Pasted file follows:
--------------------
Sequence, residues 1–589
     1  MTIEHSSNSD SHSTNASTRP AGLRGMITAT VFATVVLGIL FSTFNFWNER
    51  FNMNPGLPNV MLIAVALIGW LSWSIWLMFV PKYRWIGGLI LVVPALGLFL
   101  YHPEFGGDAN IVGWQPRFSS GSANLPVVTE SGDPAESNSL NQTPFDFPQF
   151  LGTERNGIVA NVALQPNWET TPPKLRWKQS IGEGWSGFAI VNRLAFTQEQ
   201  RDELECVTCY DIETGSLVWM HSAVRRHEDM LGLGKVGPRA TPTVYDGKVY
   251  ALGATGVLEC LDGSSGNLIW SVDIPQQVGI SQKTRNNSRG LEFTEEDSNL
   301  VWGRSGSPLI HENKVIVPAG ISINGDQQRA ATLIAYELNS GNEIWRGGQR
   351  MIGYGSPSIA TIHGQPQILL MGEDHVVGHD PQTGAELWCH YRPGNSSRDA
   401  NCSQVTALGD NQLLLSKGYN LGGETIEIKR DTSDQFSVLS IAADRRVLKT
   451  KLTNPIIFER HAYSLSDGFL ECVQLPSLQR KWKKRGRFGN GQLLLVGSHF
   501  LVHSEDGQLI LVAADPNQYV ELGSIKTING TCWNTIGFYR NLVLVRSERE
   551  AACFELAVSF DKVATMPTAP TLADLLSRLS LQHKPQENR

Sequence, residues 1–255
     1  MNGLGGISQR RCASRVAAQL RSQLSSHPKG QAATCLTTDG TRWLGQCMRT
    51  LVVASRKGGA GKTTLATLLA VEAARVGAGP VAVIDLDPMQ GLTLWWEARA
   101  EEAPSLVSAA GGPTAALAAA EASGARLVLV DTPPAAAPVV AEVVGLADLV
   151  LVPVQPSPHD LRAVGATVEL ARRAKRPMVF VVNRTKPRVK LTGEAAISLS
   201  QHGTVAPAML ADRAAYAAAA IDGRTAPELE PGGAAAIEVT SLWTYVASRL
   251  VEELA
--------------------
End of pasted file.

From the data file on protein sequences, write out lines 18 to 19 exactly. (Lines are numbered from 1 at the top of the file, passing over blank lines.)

   151  LVPVQPSPHD LRAVGATVEL ARRAKRPMVF VVNRTKPRVK LTGEAAISLS
   201  QHGTVAPAML ADRAAYAAAA IDGRTAPELE PGGAAAIEVT SLWTYVASRL